Son, teammates remember late coach fondly

Published 8:10am Tuesday, December 11, 2012

Tom Brown certainly left an impact on Austin.

Thomas W. Brown

Brown, who passed away Wednesday, was an Austin youth hockey coach for nearly a decade and he certainly inspired the team that included his son, Steve Brown, and Tommy Tauchnitz.

After playing their youth hockey under Brown, the 1989 Packers boys hockey team ended up one game from the state tournament after losing to eventual state runner-up Rochester John Marshall. The Packers lost 4-2 to the Rockets, who had future NHL players Doug Zmolek and Eric Means on their team.

The Austin squad that had that much success at the high school level grew up together under the tutelage of Brown, who coached his son’s team for eight seasons.

“He was committed and dedicated,” Steve Brown said. “Later in life I came to understand he was coaching kids to become better people. I didn’t understand it when I was 9 or 10 years old, but everyone on the team became good buddies and are pretty good people.”

Tom didn’t play hockey at the high school level. His only playing experience was at the youth level, but he learned on the job and taught his players discipline, integrity, organization, and strong family values, according to Tauchnitz.

“Tom was a tough guy, but he was a solid guy,” Tauchnitz said. “He was so passionate about the game of hockey.”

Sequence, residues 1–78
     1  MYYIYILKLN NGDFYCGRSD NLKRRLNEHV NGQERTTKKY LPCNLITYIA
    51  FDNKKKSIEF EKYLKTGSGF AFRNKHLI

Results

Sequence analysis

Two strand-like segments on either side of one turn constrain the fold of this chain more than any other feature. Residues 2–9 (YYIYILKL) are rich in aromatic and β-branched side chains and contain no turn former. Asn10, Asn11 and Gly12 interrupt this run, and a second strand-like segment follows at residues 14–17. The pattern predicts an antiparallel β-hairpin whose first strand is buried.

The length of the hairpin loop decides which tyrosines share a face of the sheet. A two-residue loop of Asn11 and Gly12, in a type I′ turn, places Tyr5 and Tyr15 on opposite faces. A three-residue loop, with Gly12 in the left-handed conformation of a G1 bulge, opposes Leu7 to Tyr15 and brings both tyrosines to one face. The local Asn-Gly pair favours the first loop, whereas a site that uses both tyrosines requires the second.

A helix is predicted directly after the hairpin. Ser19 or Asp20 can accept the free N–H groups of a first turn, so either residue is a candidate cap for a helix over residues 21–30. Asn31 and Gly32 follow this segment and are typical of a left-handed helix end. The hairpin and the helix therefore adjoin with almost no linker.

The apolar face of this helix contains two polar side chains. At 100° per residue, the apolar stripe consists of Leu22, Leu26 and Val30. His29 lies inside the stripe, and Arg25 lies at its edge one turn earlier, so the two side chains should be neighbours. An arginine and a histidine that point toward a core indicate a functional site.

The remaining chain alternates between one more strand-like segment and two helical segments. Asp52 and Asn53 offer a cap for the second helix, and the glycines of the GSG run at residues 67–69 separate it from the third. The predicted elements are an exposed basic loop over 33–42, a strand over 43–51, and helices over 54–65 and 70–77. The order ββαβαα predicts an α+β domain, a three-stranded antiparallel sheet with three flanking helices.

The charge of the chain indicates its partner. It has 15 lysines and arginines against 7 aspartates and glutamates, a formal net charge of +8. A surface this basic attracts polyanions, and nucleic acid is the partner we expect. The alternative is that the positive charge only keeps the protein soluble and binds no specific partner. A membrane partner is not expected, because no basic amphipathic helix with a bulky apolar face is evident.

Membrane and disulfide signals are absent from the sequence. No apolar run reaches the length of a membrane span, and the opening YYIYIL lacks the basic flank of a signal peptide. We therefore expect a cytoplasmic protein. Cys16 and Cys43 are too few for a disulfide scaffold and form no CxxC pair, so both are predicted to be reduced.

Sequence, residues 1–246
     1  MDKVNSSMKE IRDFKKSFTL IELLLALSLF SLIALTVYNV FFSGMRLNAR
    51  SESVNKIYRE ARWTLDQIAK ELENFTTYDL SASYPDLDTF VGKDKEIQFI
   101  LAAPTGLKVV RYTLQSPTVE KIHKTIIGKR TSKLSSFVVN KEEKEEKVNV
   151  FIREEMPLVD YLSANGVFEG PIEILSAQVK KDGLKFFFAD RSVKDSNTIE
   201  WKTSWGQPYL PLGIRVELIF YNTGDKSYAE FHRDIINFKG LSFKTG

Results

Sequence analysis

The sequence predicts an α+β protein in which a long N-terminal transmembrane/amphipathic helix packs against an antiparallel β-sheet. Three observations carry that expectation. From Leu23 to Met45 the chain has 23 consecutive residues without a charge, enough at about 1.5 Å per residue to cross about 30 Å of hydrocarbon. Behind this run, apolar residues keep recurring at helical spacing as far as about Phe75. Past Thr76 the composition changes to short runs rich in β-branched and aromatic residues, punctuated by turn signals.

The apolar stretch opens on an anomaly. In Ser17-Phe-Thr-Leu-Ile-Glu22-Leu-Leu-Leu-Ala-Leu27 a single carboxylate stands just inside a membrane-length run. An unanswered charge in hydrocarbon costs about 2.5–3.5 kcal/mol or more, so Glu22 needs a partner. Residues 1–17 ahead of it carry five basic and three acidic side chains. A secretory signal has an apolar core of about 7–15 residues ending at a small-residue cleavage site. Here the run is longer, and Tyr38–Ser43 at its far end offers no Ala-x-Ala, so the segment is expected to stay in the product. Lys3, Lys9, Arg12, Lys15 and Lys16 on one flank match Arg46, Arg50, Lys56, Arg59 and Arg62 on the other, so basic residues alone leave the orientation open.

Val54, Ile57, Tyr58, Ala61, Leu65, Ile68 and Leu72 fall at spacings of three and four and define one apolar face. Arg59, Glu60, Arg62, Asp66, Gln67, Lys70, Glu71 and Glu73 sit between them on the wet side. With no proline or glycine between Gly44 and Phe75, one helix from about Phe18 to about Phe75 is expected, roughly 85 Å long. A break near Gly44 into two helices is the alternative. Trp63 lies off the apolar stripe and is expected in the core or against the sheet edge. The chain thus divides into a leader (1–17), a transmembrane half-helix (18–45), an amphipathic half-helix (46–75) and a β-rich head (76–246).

Tauchnitz remembers how Tom would motivate his players by benching players for trivial things to get them fired up. Quite often, Steve was the one who faced the most discipline.

“He had an overwhelming need for fairness and he never wanted to play favorites,” Steve said. “I was his son and he was harder on me than other kids. At the time it was awkward, but it made the guys respect him and it made them respect me.”

Tauchnitz said as the team got older, Tom was their biggest supporter in their high school years and he said he still uses the lessons he learned while playing youth hockey.

“I’m now a high school tennis coach and often use the same tactics he used on me,” Tauchnitz said. “His motivational skills were legendary, but at the time I didn’t know it. I’m raising my two girls as hard working respectful young women that bust their butts in and out of the classroom. I run a business that’s built on honesty, hard work, and integrity.”


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